Go back to the enewsletter Hotel Lutetia Paris is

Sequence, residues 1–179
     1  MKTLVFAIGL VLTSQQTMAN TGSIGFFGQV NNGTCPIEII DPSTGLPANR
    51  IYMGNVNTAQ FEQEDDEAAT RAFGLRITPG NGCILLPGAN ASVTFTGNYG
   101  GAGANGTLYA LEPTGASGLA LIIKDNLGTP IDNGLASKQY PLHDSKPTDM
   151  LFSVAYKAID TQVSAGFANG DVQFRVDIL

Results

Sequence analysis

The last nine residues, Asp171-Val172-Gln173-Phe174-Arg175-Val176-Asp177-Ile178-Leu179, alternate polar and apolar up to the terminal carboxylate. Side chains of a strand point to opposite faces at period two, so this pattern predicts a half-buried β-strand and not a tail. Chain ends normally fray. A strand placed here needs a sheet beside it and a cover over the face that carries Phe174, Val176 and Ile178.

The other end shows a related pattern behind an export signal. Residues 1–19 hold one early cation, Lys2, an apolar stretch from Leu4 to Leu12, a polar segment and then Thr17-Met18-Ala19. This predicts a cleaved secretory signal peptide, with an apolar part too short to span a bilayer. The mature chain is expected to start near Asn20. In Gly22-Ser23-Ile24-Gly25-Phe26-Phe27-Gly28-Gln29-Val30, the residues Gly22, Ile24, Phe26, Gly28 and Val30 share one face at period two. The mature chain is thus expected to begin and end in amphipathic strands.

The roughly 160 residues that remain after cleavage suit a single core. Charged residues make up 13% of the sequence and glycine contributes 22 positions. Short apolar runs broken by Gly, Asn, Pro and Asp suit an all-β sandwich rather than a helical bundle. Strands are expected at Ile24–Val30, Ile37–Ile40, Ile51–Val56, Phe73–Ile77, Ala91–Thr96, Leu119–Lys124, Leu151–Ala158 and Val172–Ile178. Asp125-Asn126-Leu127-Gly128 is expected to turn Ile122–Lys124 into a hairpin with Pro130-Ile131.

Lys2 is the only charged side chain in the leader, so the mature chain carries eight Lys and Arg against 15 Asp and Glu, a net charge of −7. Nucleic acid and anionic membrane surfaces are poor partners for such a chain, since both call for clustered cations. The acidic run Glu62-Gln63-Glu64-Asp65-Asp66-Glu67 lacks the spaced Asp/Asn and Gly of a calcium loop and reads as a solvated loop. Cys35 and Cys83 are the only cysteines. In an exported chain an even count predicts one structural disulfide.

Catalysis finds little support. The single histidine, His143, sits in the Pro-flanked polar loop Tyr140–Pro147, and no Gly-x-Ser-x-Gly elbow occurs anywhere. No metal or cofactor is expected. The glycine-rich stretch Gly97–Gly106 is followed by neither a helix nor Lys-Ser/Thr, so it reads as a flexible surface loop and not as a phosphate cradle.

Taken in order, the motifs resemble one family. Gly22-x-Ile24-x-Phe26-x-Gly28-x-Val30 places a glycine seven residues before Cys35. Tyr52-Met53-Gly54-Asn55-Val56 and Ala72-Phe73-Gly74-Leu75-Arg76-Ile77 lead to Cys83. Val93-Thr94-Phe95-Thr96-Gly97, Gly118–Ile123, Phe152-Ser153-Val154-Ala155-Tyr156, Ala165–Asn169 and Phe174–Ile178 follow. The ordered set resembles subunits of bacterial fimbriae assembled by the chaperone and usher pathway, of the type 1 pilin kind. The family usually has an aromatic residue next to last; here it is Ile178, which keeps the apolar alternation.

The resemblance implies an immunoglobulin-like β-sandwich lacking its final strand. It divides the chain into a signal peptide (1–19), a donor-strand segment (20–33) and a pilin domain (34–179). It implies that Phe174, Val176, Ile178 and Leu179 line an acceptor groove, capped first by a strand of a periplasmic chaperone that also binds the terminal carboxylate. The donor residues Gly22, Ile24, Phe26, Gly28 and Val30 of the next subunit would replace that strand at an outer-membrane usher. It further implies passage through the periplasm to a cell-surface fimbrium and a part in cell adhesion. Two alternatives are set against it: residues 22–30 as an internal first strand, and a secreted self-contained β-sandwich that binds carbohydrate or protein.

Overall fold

first_imgGo back to the enewsletterHotel Lutetia, Paris is a really unique luxury hotel. It reopened 17 July 2018, and I wanted to have a look. Harrods tried unsuccessfully to open its own hotels, and yes, it could be argued that Bulgari – and, fleetingly, Missoni – are storekeepers who also have hotels. But I was amazed that the idea of combining retail with lodging is, in fact, 109 years old.In 1910, the management of Le Bon Marché, which had been reimagined as the world’s first modern department store in Paris by Aristide and Marguerite Boucicaut in 1852, decided to open a hotel for their most favoured customers. But, instead of naming it after the shop, they called it Lutetia, the original Roman name of Paris. Obviously, the store was doing well. Sculptors Léon Binet and Paul Belmondo, father of Jean-Paul, were commissioned to decorate the facade in Art Nouveau style. Now, all these years later, the seven-floor exterior is as immediately iconic, worldwide, as is – in a different way – Frank Gehry’s design for the Marqués de Riscal hotel.Today the hotel, part of The Set collection owned by the Alrov family, is still as stunning as ever. Its exterior, on the corner of the arty Left Bank’s boulevard Raspail and rue de Sèvres, is Gaudí-like. Enter from the main door and, thanks to brilliant designer Jean-Michel Wilmotte, you look through a series of arches, a ceremonial walkway flanked by white walls.This is a hotel that has been a regular haunt for locals from the start. There were authors, including Pierre Assouline and James Joyce; Pierre Bergé lived here for a long time. Entertainment habitués included Serge Gainsbourg and Juliette Gréco. Carla Bruni, who retreated here for privacy during her years living at the Elysée Palace, apparently still comes from time to time (though her husband, a keen swimmer, does his daily laps in another hotel’s indoor pool).Today, a main gathering place for the Paris cultural elite is Bar Joséphine, the ground-floor bar named for Joséphine Baker. I thought this the quintessential bar for sophisticated conversation: sitting down, or up at the bar, regulars gather after work or before a performance. From the extensive vodka menu in a ‘theatre’ with frescoed walls blending with the barrelled ceiling above, you might choose a Rive Gauche: 26 Vodka Guillotine with St Germain elderflower, herbs, celery and Taittinger Cuvée Lutetia (Taittinger owned the hotel for a time).Hotel Lutetia | L’OrangerieGM Jean-Luc Cousty, back at the hotel for the fourth time in his career, is as exuberant as a pre-schooler now all the work is finished. He says he plans a Lutetia literary event, with an international jury; the hotel has a superb library, open to anyone (I immediately spy interesting tomes called Everest and Icons).He does seem to have everything here, including an indoor pool (in case Mme Sarkozy wants to swim), a great gym and a new outdoor inner courtyard. So what else does this characterful hotel need? Cousty tells me a second bar, Aristide, opens shortly and will have a cigar room. When it comes to dining, what the bars have to offer – which is pretty extensive – is complemented by the popular Lutetia Brasserie, with Gérald Passedat’s Michelin reputation.Hotel Lutetia | Saint GermainI dined in the comparatively discreet Le Saint Germain, an inner room that leads through to the newly opened inner courtyard. The squash court-sized indoor space is dominated by a strategic flat ceiling, with Chagall-type, backlit stained glass by Fabrice Hyber. This is the place for a quiet tea or coffee, or something from Benjamin Brial’s comfort menu; you get chunks of Poilâne-type bread from Dallas bakery and Maison Bordier butter, while the trendy choose the now-ubiquitous lettuce salad with lemon and virgin olive oil. Then go on to the best-selling burgers: six-inch-high towers of Charolais ground beef with Beaufort cheese. Breakfast is in a dedicated room, with more Maison Bordier (both butter and yoghurt) and more types of croissants than I knew existed.Hotel Lutetia | Lutetia SuiteIt is time to share the delights of corner suite 888, also named for Joséphine Baker. The area, 75 square metres in all, wraps around from boulevard Raspail (living room) to rue de Sèvres (bedroom). Flooring is mostly parquet, with rugs in the living room and bedroom. There are French windows opening onto narrow balconies around the suite, including the living room, bathroom and bedroom. Walls are off-white, with wedding-cake moulding. The living room ceiling has a three-metre-long, black-and-white photo of a woman dancing the can-can; get her full view by lying on the floor, head by the window.Art Deco furniture is mostly taupe, and the refreshment centre has a Nespresso machine and an automatic mini-bar. The closet includes a Dyson hairdryer and the safe, plenty of hanging space and two sizes of The Set paper carry-bags. The bathroom (toilet on left, shower on right) has a white marble floor inset with copper geometric lines, with copper fittings. The Roman-type bathtub is white marble. Toiletries are green Hermès. The bedroom’s headboard is, like corridor walls, varnished eucalyptus, with set fibre optics for in-bed reading. A pair of wall-set mirrors, angled on to the other, give full-length viewing.Hotel Lutetia | Saint Germain PenthouseIt is really not surprising that this is a luxury hotel which quickly becomes a way of life, especially for multi-interest movers and shakers who like this part of town.Go back to the enewsletterlast_img

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